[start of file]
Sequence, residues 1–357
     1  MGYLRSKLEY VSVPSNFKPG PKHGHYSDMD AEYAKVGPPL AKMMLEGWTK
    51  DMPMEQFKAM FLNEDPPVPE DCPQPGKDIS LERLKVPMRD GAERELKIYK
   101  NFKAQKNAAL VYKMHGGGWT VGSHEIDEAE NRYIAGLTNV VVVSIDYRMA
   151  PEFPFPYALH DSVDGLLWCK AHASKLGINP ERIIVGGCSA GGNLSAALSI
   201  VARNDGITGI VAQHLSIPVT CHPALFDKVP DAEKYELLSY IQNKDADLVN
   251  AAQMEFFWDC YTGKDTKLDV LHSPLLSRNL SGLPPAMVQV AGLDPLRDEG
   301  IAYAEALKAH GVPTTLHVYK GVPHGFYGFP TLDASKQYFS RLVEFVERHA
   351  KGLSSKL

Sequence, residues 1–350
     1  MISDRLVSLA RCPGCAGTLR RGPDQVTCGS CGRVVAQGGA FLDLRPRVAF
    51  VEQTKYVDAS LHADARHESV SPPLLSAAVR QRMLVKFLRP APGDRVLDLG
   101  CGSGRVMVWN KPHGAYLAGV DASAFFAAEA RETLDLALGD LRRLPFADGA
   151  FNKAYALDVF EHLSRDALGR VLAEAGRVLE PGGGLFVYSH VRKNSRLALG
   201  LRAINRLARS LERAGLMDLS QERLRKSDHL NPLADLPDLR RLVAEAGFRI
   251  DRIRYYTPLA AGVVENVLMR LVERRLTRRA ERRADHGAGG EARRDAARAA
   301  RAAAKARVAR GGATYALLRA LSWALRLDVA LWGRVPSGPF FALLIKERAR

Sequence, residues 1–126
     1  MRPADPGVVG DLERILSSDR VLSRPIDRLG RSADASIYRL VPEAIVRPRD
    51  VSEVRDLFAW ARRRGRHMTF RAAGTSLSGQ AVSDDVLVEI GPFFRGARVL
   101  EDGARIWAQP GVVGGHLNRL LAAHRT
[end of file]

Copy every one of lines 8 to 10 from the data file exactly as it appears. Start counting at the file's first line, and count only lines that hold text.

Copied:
   301  IAYAEALKAH GVPTTLHVYK GVPHGFYGFP TLDASKQYFS RLVEFVERHA
   351  KGLSSKL

Sequence, residues 1–350